First, cut off the zipper stop and take off the slider, splitting the zipper in two and carefully noting your orientation as you do this. Practice putting the slider back on so that you eliminate the risk of sewing zipper halves on backwards or upsidedown (this is a painful, painful mistake, especially with metal zippers where both sides look the same). One trick is to use a pin to mark the upper side of each half.

    Unlike the rest of the seams, which are sewn right-sides-together and topstitched, I attach the zipper by butting up the zipper panel with the zipper teeth, and making one continuous topstitch line down the panel, catching the zipper tape.

    With zipper tape on both sides, your assembly of the panels is complete.

    Handles

    You need two 1" x 5.75" handles for each bag. You could just use one piece of leather for this, but if you want to make my decorative handles, read on. The double layer adds a sturdy structure to the kit as well, and hides the imperfect wrong sides of the leather.

    Clamp two pieces of leather (of approximately the same size) raw sides together. I've included the measurements above, but I generally, I try to find pieces out of my scraps that are more than double the length (13") of two final handles. Sew them together in a long straight line, then shadow this line three more times at about 0.25 inches apart (this happens to be my foot width). There are more than four lines in the photo below because I had enough room to keep going and make multiple sets of handles.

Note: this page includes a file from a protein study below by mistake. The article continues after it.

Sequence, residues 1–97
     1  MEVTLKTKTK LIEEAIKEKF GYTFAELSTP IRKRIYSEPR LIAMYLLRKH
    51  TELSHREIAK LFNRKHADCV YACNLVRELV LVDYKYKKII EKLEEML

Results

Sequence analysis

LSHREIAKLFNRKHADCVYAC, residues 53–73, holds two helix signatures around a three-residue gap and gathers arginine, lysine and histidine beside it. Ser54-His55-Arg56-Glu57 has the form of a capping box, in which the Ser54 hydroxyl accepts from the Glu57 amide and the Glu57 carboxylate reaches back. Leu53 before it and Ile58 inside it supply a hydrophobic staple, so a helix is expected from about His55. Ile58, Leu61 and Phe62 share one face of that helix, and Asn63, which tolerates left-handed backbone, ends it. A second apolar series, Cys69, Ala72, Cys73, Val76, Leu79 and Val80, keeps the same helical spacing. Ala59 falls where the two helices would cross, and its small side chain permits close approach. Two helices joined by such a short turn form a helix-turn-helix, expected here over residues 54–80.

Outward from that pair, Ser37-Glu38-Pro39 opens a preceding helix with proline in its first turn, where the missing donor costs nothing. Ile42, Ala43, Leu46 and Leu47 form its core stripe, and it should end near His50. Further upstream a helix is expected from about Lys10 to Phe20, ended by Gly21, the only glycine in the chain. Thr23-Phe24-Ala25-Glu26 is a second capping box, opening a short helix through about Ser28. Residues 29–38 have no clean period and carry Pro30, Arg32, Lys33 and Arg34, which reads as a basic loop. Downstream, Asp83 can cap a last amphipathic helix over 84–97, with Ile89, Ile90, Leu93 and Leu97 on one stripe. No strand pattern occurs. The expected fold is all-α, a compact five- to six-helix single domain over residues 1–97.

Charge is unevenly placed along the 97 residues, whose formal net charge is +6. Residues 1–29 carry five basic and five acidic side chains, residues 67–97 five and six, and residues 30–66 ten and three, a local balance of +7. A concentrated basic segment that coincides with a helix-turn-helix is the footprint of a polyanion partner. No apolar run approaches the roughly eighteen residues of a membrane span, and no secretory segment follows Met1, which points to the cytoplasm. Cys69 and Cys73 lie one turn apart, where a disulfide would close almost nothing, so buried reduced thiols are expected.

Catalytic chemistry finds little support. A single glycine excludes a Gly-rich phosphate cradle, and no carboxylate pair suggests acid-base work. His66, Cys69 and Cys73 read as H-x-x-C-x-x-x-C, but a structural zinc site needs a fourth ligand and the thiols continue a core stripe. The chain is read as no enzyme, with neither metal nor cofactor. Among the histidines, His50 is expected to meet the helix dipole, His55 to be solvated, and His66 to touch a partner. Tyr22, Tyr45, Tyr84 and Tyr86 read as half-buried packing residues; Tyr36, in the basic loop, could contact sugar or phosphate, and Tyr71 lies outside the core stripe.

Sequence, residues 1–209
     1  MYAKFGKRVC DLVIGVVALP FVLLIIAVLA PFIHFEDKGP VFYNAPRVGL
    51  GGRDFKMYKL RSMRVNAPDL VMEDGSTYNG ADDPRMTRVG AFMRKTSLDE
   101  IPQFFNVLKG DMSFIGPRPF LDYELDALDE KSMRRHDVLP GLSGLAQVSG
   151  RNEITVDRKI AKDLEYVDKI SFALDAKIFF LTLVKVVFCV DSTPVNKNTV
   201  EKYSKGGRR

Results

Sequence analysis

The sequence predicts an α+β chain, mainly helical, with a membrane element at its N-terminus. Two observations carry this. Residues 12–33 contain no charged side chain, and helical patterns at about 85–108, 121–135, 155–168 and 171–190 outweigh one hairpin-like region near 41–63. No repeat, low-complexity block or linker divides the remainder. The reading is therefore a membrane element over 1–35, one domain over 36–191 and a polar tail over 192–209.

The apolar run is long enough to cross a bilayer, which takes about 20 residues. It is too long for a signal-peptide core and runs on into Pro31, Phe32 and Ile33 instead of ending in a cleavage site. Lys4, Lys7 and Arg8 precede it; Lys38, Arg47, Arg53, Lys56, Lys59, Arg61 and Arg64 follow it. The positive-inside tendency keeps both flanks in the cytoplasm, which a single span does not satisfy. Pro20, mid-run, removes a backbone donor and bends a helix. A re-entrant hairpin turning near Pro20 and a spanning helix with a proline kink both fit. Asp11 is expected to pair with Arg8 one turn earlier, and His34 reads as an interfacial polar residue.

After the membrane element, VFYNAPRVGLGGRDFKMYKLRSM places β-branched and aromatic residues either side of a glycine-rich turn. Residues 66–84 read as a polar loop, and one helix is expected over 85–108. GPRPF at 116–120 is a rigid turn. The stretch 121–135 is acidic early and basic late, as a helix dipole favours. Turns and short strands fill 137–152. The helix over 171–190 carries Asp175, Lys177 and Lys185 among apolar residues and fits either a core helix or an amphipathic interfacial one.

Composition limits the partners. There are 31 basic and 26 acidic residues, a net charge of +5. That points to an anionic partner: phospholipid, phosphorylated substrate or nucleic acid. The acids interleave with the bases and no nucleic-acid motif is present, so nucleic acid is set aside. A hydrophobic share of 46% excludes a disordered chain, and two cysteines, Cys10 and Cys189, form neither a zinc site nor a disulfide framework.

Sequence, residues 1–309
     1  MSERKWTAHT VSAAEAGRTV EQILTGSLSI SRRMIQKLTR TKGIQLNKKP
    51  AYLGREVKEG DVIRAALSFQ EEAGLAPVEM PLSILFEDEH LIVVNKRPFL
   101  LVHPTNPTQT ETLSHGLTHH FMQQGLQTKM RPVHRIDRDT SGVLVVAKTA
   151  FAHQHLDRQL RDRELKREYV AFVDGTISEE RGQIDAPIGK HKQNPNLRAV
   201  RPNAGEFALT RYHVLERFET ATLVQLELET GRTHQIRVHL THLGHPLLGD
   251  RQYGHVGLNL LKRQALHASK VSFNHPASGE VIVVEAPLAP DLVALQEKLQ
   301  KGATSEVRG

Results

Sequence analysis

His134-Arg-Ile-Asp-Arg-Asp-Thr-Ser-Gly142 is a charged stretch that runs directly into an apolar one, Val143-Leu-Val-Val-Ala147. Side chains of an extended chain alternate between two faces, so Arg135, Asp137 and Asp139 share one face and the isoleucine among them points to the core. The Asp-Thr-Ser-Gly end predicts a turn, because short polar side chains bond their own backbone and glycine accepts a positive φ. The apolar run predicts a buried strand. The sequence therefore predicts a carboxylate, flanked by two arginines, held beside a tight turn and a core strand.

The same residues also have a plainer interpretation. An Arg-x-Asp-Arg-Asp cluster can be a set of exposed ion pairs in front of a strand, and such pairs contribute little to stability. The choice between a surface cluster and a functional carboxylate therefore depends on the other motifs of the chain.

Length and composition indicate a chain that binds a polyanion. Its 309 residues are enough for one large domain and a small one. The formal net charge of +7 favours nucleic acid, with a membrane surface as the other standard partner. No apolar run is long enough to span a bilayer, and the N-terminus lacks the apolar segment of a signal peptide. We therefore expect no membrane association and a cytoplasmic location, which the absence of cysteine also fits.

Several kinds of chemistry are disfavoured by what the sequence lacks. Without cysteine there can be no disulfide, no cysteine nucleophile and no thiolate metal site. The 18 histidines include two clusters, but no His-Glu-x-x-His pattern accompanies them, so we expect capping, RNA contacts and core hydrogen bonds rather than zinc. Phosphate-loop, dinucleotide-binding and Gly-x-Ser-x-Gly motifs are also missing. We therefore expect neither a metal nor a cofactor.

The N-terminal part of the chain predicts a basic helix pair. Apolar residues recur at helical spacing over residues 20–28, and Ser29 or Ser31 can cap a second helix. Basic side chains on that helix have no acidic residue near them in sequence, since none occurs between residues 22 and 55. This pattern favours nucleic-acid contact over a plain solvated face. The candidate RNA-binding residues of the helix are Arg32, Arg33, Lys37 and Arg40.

With the ruler, cut 1/8" alongside each of the outer two stitching lines, adjusting the ruler slightly as you go if you need to (no one will notice!). Make the final handles by cutting them into 5.75" sections (of course you only need two; there are 10 here for the 5 kits I am assembling at the same time).

    Boxing It Up

    This is where all your hard work pays off!